Friday, April 17, 2009

Newt sees Andy runnin'

A story in today's Times.

April 17, 2009

Gingrich Sees Cuomo in Next Race for Governor
by David M. Halbfinger

Newt Gingrich, the former House speaker, says New York Republicans should forget about Gov. David A. Paterson and plan for a campaign against a more likely Democratic nominee for governor next year, Attorney General Andrew M. Cuomo.

Newt has been trying to raise his profile recently, after keeping low to the ground for quite some time. A couple of weeks ago this thrice-married, twice-divorced former Speaker of the US House of representatives announced he was converting to Catholicism and denounced President Obama for "anti-Catholic" values. Say what, Newt? How does the Church feel about divorce? About divorcing your wife while she's in the hospital, and about having already taken up with another woman? So how does the Church feel about adultery? And hypocrisy? This is one of the water-carriers for the impeachment of President Clinton for, for, well, for having adulterous not-sex with an intern.

Mr. Gingrich’s blunt warning brought into the open speculation that has been rippling through political circles for weeks: that Democrats may decide that Mr. Paterson is too weak to win election next fall, and turn to the popular attorney general to keep the governor’s office in Democratic hands.

Patterson is so lightweight he might float away on a stiff breeze.

“Yes, it’s true, the current governor’s terrible,” Mr. Gingrich told state Republicans on Wednesday night at the Sheraton New York Hotel in Manhattan. “Yes, it’s true, the budget’s indefensible. But let me tell you, if I had to bet money, you’re not going to face the current governor next year. You’re going to face Cuomo. “So you’ve got to design a campaign that beats Cuomo,” he continued. “Because the fact is, Democrats aren’t insane. And when a member of the Democrat Party becomes too weak to re-elect, they tend to cannibalize him before we get to him.”

Well spoken by a former cannibal.

Spokesmen for Mr. Paterson and Mr. Cuomo declined to comment on Thursday.

Who would comment?

Mr. Paterson’s popularity has fallen to low levels, even among blacks, Democrats and city voters, his core constituencies. As the governor has slid, Mr. Cuomo has soared, scoring a 75 percent approval rating in a Quinnipiac University poll last week.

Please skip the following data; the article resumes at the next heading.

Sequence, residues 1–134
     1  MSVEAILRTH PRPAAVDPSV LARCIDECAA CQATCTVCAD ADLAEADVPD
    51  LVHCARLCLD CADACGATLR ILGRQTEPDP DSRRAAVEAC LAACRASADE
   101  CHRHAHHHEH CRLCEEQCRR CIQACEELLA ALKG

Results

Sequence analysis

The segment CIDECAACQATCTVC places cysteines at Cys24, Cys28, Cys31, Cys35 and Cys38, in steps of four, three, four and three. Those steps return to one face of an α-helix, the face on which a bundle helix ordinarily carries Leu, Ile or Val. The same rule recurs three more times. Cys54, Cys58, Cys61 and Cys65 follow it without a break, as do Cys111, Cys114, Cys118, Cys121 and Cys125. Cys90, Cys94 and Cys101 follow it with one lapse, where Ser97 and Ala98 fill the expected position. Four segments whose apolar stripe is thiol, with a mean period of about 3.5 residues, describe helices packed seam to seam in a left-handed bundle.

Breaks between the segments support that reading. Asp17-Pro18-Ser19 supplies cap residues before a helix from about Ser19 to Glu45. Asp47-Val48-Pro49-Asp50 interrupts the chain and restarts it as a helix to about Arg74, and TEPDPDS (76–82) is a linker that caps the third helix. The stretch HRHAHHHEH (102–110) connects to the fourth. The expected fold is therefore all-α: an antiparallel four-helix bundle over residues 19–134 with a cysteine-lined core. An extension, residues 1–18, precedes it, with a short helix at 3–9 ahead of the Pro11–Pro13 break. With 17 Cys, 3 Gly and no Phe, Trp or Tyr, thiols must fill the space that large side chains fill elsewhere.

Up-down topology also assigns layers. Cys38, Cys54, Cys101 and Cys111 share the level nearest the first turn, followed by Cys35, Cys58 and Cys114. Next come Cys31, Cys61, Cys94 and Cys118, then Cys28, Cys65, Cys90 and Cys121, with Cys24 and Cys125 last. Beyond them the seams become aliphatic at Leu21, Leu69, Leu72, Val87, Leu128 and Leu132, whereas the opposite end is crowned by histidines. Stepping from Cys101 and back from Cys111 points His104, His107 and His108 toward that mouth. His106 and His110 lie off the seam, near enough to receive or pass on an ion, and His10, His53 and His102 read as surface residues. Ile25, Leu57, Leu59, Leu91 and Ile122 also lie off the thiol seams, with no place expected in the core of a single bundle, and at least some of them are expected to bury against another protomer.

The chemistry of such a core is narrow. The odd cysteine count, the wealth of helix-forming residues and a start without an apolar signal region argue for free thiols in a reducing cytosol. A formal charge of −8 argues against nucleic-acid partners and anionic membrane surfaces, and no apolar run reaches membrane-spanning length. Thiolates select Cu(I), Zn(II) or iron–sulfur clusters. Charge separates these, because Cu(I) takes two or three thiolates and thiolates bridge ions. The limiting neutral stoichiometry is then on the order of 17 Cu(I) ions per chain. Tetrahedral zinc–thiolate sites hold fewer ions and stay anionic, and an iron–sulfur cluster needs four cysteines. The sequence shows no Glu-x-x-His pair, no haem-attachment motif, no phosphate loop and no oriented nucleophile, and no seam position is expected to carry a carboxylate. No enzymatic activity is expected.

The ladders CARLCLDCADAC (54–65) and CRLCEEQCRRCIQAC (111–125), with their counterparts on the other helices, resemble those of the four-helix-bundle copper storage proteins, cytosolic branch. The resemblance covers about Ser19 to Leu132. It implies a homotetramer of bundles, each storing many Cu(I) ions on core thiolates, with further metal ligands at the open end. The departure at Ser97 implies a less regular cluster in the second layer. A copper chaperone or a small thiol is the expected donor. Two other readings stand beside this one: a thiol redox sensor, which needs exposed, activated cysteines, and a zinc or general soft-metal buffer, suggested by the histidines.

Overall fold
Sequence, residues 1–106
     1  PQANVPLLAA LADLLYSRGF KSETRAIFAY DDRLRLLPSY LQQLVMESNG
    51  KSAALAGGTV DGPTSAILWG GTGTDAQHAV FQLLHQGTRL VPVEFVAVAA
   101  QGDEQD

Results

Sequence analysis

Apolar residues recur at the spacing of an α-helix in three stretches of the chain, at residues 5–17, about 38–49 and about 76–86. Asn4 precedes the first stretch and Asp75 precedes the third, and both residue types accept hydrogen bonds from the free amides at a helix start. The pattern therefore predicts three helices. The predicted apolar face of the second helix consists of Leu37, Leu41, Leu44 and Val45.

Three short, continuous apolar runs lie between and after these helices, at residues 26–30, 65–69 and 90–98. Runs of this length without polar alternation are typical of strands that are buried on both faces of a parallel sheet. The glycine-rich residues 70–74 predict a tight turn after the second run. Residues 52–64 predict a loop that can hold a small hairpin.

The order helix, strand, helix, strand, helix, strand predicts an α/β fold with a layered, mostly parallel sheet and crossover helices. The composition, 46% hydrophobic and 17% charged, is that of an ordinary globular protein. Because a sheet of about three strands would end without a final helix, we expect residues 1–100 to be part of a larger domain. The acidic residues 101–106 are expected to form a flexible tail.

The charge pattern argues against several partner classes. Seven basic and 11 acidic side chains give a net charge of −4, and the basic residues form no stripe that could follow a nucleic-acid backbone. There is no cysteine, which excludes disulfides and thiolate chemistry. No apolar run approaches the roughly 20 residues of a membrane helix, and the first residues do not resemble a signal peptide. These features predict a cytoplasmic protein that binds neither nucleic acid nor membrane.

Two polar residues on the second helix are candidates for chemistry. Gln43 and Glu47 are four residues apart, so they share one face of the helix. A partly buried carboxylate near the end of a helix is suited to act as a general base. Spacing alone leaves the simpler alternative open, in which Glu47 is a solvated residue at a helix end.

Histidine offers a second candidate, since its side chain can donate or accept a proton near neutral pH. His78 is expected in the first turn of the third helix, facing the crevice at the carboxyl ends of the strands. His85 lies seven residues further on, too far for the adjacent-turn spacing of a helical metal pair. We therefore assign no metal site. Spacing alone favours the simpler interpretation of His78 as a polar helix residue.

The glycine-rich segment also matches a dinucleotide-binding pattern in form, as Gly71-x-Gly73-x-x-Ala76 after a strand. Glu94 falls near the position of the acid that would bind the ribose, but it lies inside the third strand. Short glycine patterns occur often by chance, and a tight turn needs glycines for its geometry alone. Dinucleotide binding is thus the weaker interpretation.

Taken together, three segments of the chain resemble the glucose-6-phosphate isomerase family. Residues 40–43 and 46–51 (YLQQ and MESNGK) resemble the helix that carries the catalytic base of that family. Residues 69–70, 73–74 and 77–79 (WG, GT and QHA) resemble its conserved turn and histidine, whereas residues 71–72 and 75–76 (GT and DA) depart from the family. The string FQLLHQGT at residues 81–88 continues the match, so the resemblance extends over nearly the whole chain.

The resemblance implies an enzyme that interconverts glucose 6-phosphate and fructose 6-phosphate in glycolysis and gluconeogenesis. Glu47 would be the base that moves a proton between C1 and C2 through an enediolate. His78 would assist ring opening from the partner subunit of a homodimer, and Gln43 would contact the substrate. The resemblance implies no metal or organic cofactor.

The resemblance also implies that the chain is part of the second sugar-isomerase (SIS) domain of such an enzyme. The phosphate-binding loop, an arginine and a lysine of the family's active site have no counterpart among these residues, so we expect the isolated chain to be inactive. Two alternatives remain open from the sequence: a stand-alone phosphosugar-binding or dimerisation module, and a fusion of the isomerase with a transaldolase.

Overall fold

Mr. Gingrich tried to energize the state party’s somewhat anemic annual dinner by conjuring an ideal Republican ticket for 2010 — though his Dream Team amounted to a blast from the past. “To meddle for a half a second, I think if we had Mayor Giuliani for governor, and we had Governor Pataki for senator, we would be a large step toward a tidal wave, which would make 2010 comparable to 1994,” Mr. Gingrich said.

Awmygawd! Guv Rudy and Senator Pataki?

The two dignitaries, not exactly pals, did not jump at the idea. George E. Pataki, who called himself “the former governor who left voluntarily,” mentioned Rudolph W. Giuliani only in promising to do his best for the party by “helping Rudy or whoever for governor.”

A tidal wave? Gimme a break, Newt. Republicans will be lucky to summon a ripple.

Mr. Giuliani said it was way too early to talk about 2010. But he said Democrats were leading the state “in exactly the wrong direction,” and he seemed to present himself as the one city official the party’s rank and file could trust. He said that not only was he the first Republican mayor of New York since the 1960s, “but I have a bigger distinction than that: I’m the first one to remain a Republican in about 60 years.”

Well, what would twice-divorced Rudy say? This is the man who shacked up with another woman while his wife and kids lived in Gracie Mansion. Republicans seems to like adultery.

Absent was his successor, Mayor Michael R. Bloomberg, who quit the Republican Party two years ago to pave the way for an independent presidential run that never materialized. Nonetheless, he has just won the Republican line for his re-election bid.

Another putz. He drops out of a party, then drops back in. C'mon, even Republicans have a few principles they fake believing in.

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